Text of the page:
THANK you for your feature article (Yorkshire Post, December 16) about the closure threat to small schools in Upper Wharfedale, and in particular that you involved my former colleague Gervase Phinn in this.
I, too, am very concerned that North Yorkshire County Council is proposing to close the school at Kettlewell and that this proposal is based entirely on the need to make savings.
I understand the council's officers claim they will save 50,000 by closing the school.
However, in spite of the fact that travel costs appear in a different budget, this figure will be reduced inevitably by the additional costs of transporting pupils to another school.
Therefore, the actual saving to the council will be less than is claimed.
There is absolutely no educational argument for closing Kettlewell School.
Its ratings have been of the highest for 40 years – my daughter was a pupil there in the early 1970s when the school was led by an outstanding headteacher who ensured that the 30 or so pupils had the best possible educational experience.
More recently, Ofsted inspectors have given the school top marks.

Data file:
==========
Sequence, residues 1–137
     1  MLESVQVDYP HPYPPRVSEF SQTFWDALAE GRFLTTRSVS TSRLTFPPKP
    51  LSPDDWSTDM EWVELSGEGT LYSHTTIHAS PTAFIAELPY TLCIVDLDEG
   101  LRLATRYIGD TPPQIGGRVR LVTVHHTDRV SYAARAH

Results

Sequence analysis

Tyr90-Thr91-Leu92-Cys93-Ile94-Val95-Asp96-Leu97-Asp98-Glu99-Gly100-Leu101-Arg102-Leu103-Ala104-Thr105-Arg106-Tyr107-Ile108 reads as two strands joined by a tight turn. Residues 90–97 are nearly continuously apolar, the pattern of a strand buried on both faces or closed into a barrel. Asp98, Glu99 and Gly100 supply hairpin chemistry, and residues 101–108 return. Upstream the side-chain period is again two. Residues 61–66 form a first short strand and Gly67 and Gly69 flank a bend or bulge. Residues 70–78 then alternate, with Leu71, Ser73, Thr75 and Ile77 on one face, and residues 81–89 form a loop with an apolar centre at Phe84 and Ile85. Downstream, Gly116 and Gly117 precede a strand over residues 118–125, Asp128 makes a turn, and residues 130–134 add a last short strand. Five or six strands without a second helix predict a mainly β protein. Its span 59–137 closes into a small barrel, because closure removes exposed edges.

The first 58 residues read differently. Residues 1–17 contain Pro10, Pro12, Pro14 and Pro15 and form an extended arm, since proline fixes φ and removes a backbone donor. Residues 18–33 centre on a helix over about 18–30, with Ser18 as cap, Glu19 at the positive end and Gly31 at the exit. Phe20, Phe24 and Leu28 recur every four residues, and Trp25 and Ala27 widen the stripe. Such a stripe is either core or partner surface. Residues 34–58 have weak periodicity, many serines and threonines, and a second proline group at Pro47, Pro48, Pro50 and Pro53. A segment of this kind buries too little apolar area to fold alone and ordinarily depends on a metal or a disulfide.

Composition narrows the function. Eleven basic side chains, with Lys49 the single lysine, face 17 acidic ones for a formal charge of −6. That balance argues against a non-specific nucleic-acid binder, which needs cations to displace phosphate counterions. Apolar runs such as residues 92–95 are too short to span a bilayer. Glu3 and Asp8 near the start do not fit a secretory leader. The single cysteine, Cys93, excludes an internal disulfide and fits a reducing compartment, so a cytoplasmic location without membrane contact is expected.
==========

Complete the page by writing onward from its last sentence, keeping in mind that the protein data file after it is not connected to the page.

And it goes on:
Clearly, those proposing to close the school lack a proper understanding of the vital role played by small rural schools in the lives of those who live in remoter areas.
One has to ask the question: would those leading the charge to close the school subject their own children to the length of journey, in winter, necessary to attend the school at Grassing-ton?
In addition, there is the matter of the longer-term demographic effects: less families with young children and an increasing proportion of ageing people who will need more social and medical care as they grow older.
Obviously, small schools need more funds per pupil to provide a high quality educational experience for their pupils than do large schools.
The county council's report compares the costs per pupil at Kettlewell with the county's average to support its case for closure.
Rather, the county council needs to recognise that high quality education doesn't come cheap, more so in small schools.
In this connection, the annual fee per non-boarding pupil at a well-known independent school in North Yorkshire is quoted at 11,910 which I suspect is more than double the yearly cost per pupil at Kettlewell.
When seeking cost reductions, it is often easier for education authorities to pick off the small fry than to risk the reactive wrath of larger, more heavyweight establishments. Is this a case in point?
From: Peter Massingham, Formerly Senior Inspector, North Yorkshire, and registered Ofsted inspector.
The economic burden of new railway line
From: Dr Paul Thornton, Cromwell Lane, Kenilworth, Warwickshire.